An alarming one in ten pain sufferers—three out of five in the 65-and-older age group—report their pain has lasted a year or more, according to a study released in 2006 by the National Center for Health Statistics. By this measure, more than 800,000 New Jersey residents may be suffering from chronic pain.

Among neurological ailments, headaches at all severity levels are the most common, followed by lower back pain. Not surprisingly, the incidence of severe joint pain increases with age, with women in the government survey reporting such pain more often than men. Other conditions causing pain include arthritis, cancer, diabetic neuropathy, fibromyalgia, spinal cord injuries, and failed back surgery, like Hornsby’s.

A big reason pain lingers is that people delay getting help. In a 2004 survey conducted on behalf of the American Chronic Pain Association, nearly half of the people interviewed said they had waited more than a month before talking with a doctor; 30 percent of these said they had waited more than three months. Most people sought help only after their pain had become significantly more severe.

But even proactive pain sufferers sometimes have problems. “People don’t always know where to turn,” says Will Rowe, CEO of the American Pain Foundation, which advocates on behalf of patients. Pain medicine itself is still a relatively new field. And even some primary care physicians have a limited understanding of the issues and referral sources.

But the situation is improving, thanks in part to greater public awareness of pain generally and to better training of nonspecialists. Still, says Rowe, more needs to be done to educate pain sufferers about where to turn and what treatment options are available to them.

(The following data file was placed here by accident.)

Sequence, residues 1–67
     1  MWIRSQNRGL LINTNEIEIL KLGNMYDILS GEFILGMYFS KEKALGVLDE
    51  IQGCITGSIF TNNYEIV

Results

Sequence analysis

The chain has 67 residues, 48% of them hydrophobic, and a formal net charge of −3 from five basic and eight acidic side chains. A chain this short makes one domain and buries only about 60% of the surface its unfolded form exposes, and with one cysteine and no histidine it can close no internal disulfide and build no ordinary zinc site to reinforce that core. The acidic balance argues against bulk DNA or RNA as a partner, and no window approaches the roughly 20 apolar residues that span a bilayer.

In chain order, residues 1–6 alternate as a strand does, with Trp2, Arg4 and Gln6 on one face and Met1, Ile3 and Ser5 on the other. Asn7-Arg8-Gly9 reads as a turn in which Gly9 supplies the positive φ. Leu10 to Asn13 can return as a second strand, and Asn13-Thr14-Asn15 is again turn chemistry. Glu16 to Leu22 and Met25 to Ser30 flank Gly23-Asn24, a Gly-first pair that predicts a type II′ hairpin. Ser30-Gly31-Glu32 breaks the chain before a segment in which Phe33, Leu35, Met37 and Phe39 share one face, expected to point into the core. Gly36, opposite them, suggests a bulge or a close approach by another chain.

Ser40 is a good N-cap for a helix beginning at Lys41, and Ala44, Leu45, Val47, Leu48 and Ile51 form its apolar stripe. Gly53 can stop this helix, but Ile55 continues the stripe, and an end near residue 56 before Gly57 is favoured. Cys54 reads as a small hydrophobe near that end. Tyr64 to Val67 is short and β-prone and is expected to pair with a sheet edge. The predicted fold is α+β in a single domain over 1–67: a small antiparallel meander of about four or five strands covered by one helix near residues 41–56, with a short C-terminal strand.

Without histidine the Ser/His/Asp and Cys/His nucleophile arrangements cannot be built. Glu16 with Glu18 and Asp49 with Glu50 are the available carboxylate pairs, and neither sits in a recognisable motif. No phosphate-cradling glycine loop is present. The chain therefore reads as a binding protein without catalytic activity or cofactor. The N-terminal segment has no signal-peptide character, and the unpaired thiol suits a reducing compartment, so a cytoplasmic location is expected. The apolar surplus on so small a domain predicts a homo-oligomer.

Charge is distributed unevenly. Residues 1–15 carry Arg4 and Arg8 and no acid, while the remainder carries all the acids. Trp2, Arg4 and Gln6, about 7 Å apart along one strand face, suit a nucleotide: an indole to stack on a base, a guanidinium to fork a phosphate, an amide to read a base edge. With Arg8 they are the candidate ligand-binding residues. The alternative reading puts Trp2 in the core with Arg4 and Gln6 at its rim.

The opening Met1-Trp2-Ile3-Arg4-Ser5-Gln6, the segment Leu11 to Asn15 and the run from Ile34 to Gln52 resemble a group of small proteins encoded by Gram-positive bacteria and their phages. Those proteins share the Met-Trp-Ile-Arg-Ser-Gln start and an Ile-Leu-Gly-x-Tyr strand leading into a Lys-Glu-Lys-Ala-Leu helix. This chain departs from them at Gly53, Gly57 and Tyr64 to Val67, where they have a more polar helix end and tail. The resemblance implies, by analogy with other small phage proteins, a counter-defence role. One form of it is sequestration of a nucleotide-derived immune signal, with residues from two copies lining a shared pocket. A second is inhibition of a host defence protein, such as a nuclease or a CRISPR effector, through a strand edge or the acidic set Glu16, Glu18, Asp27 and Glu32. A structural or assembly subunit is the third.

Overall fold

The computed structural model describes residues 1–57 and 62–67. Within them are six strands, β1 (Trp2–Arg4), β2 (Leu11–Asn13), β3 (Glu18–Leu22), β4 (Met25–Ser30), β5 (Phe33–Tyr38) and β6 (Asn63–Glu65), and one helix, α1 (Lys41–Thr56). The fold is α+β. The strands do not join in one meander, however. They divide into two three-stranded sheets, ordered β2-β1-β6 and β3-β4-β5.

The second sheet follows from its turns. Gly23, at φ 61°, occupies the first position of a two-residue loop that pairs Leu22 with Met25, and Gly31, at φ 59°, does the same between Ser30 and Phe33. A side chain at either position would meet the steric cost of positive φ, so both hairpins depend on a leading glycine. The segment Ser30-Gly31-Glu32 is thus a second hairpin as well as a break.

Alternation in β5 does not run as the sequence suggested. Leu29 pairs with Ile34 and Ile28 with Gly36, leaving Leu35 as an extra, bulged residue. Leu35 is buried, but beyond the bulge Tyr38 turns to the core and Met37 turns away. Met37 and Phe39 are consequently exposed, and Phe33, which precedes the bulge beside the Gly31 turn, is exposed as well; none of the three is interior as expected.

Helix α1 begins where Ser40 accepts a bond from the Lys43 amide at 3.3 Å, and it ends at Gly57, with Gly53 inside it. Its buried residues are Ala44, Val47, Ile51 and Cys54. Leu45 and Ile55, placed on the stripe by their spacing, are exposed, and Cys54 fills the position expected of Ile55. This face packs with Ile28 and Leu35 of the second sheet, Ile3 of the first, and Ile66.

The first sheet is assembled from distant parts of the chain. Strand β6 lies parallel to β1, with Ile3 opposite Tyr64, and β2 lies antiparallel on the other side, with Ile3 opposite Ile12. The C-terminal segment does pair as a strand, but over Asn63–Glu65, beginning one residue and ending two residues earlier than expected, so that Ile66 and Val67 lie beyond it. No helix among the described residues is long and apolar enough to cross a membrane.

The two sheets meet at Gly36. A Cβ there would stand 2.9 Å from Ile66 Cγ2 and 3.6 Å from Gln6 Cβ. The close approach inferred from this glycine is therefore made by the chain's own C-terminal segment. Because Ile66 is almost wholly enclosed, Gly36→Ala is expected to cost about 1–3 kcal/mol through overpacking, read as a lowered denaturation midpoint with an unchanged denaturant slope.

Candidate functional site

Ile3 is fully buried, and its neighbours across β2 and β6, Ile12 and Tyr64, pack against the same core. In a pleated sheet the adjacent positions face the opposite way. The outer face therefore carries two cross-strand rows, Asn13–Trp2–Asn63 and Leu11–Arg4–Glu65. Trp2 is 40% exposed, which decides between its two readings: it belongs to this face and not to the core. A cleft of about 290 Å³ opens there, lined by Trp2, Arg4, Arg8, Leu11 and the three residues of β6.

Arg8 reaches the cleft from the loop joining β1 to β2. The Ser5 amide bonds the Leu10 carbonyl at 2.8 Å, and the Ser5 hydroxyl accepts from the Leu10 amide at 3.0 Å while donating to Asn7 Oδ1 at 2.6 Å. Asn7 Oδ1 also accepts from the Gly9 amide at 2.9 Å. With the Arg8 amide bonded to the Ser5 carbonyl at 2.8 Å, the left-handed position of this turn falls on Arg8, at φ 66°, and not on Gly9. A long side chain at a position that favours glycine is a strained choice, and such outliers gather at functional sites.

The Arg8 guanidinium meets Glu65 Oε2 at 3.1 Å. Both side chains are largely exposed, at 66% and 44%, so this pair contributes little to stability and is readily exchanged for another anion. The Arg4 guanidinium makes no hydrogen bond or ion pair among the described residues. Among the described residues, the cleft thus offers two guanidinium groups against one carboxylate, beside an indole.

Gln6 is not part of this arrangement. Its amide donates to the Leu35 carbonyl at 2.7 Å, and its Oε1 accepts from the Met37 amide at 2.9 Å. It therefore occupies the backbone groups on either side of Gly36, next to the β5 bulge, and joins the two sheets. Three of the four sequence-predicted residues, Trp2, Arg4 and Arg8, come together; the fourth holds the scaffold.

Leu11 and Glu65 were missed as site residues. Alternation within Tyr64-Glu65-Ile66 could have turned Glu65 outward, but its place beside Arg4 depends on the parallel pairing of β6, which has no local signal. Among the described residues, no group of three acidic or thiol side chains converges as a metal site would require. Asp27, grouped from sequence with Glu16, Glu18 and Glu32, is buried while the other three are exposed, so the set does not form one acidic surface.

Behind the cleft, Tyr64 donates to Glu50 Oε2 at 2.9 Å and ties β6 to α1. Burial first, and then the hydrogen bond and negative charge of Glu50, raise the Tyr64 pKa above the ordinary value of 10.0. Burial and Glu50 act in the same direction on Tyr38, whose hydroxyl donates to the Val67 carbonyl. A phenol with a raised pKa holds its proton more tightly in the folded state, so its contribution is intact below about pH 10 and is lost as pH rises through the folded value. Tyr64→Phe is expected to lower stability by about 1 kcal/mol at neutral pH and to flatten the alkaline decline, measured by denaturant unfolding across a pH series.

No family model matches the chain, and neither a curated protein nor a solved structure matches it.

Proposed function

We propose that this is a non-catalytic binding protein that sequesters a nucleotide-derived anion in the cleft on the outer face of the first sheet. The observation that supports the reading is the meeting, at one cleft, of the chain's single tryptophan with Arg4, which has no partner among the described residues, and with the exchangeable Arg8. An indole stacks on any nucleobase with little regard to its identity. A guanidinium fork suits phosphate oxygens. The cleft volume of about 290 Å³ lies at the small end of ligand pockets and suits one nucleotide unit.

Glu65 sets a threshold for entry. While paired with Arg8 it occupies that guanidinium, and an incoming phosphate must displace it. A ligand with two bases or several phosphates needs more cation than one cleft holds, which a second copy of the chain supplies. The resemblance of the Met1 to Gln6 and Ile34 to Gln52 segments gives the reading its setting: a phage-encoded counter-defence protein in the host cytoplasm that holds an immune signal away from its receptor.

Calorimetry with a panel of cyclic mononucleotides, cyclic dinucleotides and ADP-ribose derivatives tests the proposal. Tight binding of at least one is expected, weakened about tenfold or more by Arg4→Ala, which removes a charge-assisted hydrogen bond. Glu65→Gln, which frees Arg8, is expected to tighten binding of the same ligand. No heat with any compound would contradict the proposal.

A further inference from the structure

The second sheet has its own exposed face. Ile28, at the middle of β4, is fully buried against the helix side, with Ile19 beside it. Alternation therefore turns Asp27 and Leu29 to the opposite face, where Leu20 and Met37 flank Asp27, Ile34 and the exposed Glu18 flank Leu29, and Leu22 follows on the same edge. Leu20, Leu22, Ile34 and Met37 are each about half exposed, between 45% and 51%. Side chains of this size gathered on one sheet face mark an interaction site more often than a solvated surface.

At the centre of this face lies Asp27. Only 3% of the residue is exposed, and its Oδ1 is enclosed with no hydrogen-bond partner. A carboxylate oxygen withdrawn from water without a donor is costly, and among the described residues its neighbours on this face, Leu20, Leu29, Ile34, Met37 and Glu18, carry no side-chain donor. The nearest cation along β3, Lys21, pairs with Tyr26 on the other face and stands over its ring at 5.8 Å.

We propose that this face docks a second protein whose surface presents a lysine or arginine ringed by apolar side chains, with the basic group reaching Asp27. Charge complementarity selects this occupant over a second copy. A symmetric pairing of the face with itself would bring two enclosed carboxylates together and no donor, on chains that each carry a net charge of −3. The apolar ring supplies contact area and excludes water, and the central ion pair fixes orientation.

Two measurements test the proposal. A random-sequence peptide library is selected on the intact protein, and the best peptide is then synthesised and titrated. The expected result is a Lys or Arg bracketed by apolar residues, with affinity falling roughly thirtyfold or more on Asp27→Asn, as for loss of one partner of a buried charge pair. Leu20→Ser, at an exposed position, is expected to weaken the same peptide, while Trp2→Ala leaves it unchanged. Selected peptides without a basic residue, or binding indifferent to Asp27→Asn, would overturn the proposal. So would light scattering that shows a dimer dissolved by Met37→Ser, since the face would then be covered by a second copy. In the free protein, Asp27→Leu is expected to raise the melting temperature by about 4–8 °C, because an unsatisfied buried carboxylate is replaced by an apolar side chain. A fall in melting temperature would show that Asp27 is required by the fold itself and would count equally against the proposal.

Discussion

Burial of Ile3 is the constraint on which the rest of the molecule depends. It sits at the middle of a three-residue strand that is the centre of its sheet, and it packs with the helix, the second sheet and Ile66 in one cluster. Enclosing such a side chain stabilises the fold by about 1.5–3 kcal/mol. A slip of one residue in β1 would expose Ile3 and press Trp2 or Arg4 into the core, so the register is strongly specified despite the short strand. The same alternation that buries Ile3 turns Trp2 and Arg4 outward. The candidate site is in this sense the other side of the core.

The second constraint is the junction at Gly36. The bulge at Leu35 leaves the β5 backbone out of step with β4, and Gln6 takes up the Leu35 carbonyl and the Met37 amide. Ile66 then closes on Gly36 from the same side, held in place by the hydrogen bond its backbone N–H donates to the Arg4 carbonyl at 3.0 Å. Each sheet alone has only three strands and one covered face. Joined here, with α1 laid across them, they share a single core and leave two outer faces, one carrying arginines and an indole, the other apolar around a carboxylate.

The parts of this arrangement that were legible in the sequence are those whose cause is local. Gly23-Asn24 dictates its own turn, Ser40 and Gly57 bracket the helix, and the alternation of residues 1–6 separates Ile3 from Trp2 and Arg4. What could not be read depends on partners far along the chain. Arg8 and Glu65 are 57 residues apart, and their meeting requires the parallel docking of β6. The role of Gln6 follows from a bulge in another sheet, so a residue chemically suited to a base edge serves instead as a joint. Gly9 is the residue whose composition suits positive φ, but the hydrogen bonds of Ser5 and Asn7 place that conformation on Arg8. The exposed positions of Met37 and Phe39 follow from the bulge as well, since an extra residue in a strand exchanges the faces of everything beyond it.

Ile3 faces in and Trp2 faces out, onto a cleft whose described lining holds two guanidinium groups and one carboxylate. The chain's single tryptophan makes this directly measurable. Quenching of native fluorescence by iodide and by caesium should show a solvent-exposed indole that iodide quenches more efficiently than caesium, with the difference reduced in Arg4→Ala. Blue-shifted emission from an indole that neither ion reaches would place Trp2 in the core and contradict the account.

If you are among the thousands of New Jersey residents living with chronic pain, now may be a good time to take action:

Getting  started:

For mild or moderate pain, do not overlook your primary care doctor as the first line of assistance. “Any physician in the U.S. should be aware of how to manage pain, whether acute or chronic,” says Michael E. Goldberg, an anesthesiologist and pain-management specialist at Cooper University Hospital in Camden (and another of this year’s top doctors). For more severe or intractable pain, your primary care physician might refer you to a specialist. “The majority of our referrals are still from PCPs,” says Metzger. The remainder of his referrals, he adds, are from a variety of other sources, including surgeons, orthopedists, physical therapists, chiropractors, and workers’ compensation groups.

Even with your referral source’s blessing, it is wise to check out your specialist’s credentials and experience. Currently, the only practitioners eligible for board certification in pain medicine by the American Board of Medical Specialties are anesthesiologists, physiatrists (or rehabilitation physicians), and neurologists. (The American Board of Pain Medicine, another certifying body, permits a wider group of practitioners to be certified.) Besides board certification, your specialist should, ideally, be a full-time pain specialist; have experience treating different types of pain; offer a range of treatment options; and have access to an array of multidisciplinary services, should they become necessary.

Your first visit: